As Japan Intercultural adds, “For many Japanese, the only kind of management style they have ever experienced is one in which subordinates are treated harshly and no complaints are tolerated. This makes the nightmare boss seem normal, and those who have never had a different role model for management style find themselves falling back on the old methods.”
Power harassment is a big problem. It is, however, also illegal, and you don’t have to stand for it.
What is it?
Have you ever looked at your contract and discovered a clause that says that you are not allowed to seek employment with a different company after you quit, or that you’re not allowed to pursue any additional work at all, at any time, without the company’s approval? Surprise, that’s illegal!
Simply put, you have the freedom to work for whomever you want, whenever you want to, wherever that might be.
You don’t have to seek approval from a manager or even tell anyone about your second job (well, except the tax office), because it’s none of their business.
If you’re also fortunate enough to be offered a direct hire position by the very same Board of Education that you were previously to, this law also prevents your former dispatch company from complaining about it.
What is it?
In an attempt to intimidate people, some companies will claim that an employee will be subject to a fixed penalty (often equal to one month’s worth of salary, but sometimes more) if that employee decides that they want to quit their job and work for someone else. This can be considered to be the “quit at your own peril” clause.
In more extreme cases, a company might tout such as a clause as a means to coerce employees into doing whatever a contract or a manager told them to do, no matter how illegal that order might be.
In reality, any and all such coercion is illegal.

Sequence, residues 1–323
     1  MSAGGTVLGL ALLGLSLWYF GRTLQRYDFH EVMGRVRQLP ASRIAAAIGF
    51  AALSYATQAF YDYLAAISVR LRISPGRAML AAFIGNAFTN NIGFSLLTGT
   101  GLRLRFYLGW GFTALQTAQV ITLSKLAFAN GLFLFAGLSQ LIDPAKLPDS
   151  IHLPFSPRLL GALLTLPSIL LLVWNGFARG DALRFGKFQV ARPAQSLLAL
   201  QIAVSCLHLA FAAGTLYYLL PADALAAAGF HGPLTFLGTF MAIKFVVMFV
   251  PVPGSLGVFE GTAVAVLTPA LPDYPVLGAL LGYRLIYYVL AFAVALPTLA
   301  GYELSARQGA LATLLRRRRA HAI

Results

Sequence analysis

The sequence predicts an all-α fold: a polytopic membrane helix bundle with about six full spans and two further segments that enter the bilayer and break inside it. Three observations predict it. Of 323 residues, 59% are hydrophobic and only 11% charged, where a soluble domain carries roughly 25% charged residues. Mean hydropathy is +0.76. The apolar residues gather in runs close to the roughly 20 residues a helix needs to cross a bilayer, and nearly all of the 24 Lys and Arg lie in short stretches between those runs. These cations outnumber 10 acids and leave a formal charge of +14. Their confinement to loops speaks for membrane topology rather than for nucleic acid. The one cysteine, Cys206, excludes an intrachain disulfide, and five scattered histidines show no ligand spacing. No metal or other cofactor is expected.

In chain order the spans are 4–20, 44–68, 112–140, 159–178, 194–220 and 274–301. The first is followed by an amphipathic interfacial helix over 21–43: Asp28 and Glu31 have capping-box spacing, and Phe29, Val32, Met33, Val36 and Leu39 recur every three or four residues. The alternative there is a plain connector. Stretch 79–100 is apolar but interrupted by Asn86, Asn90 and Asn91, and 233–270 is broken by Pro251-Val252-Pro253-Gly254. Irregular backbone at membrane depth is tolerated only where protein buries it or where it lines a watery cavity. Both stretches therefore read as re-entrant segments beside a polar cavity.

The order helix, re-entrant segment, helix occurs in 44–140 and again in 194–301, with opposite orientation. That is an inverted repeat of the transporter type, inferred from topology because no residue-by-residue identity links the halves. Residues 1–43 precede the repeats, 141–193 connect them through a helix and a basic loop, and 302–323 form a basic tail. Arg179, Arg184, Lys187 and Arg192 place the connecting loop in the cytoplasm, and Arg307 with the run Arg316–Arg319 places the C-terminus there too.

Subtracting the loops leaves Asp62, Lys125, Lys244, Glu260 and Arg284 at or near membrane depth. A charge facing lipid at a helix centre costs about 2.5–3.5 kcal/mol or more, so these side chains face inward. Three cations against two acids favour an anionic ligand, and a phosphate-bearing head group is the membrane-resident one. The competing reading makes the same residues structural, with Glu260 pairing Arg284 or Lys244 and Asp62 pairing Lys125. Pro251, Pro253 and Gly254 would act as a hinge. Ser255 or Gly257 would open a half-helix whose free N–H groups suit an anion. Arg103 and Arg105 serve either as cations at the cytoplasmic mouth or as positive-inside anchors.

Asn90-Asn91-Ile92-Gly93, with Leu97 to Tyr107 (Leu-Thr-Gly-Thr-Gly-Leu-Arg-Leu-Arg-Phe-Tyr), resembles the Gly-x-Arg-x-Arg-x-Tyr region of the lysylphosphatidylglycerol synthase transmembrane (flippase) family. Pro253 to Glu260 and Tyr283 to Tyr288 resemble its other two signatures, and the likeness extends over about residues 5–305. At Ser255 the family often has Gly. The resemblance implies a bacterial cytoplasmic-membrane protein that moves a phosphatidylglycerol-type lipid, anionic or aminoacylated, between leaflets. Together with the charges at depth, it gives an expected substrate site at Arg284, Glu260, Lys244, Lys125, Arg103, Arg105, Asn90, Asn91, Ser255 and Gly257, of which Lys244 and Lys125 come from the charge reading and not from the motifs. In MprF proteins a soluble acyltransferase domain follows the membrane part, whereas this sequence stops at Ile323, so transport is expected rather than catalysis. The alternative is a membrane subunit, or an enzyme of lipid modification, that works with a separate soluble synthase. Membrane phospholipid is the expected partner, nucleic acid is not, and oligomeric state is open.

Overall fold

What is it?
Essentially, this law prohibits a company from telling you that you HAVE to open an account with a specific bank, and that they will ONLY pay your salary to that bank, usually because doing so will save them some money.
It might seem like a trivial issue, but this is a practice that a lot of companies engage in, often to the annoyance of people who don’t know that it’s illegal for the company to force them to open new bank accounts if they want to get paid, resulting in them having various accounts at different banks with money all over the place.
The company has to pay your salary (and any other forms of monetary compensation) to a bank of your choosing. They cannot make it a contractual requirement that you have to agree to let them pay to a bank of their choosing.
What is it?
One of the strongest labor laws in Japan, Article 18-2 prevents an employer from dismissing an employee based on whatever whim the company feels like. In effect, it requires that a company has to have a VERY GOOD REASON to want to fire you.
For example, an employer cannot fire you because the manager doesn’t like you very much. An employer cannot fire you because you broke some arbitrary rule that the company was using to manipulate you. An employer cannot fire you because they have decided that you are not good at your job.
Suffice to say, companies hate this law, but there isn’t much they can do about it. Please note that this doesn’t protect “bad workers”, but rather protects everyone from flagrant abuses of power. It is still possible for a company to dismiss an employee for doing something extreme (such as breaking the law or causing a serious accident), but they can’t just make up a reason to fire someone based on frivolous reasons.